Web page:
The Athenaeum Hotel general manager kept calling, but Michele “Mickey” Murray wouldn’t return his calls.
This went on for several weeks in 1993, the GM calling, Murray suspecting he wanted to offer her a job at the Institution. For her, having a summer vacation that year was more important.
From their porch at the Keystone, Ed Anderson and Joan Parsons can look down to the street below them where Anderson’s children, and now their grandchildren, learned to ride their bicycles, and across to the trees that Anderson, as a birder, studies with a careful eye.
Chautauqua is as much a part of Anderson and Parsons’ lives as they are a part of the Institution; this is their second season sponsoring the Scholar in Residence program, which ran from Tuesday to Thursday.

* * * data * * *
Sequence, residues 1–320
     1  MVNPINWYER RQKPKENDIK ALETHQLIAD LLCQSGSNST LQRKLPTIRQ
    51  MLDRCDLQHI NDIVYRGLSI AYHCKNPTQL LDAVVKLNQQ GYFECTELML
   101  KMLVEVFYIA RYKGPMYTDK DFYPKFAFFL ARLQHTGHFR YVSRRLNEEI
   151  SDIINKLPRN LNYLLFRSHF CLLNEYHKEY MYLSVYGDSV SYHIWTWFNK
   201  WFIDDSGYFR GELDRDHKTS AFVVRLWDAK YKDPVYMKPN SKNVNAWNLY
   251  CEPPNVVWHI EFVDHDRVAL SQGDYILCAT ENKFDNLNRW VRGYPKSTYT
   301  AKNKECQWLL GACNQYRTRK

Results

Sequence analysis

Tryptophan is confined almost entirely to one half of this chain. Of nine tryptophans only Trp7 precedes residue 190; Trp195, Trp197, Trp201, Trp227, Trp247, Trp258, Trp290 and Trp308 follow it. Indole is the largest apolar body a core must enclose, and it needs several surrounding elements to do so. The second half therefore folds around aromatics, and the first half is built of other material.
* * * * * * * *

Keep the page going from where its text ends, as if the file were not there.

At 9:30 a.m., Sylvia Faust’s grandchildren are all down at the Boys’ and Girls’ Club, and Faust has a rare quiet moment. For most of the summer, this year-round Chautauqua resident has a full house.
Faust’s two children and five grandchildren spend much of the season with her, and she channels their energy into her own volunteer work on the grounds. Faust, a Chautauquan for almost a half-century, serves on the Chautauqua Foundation’s planned giving committee.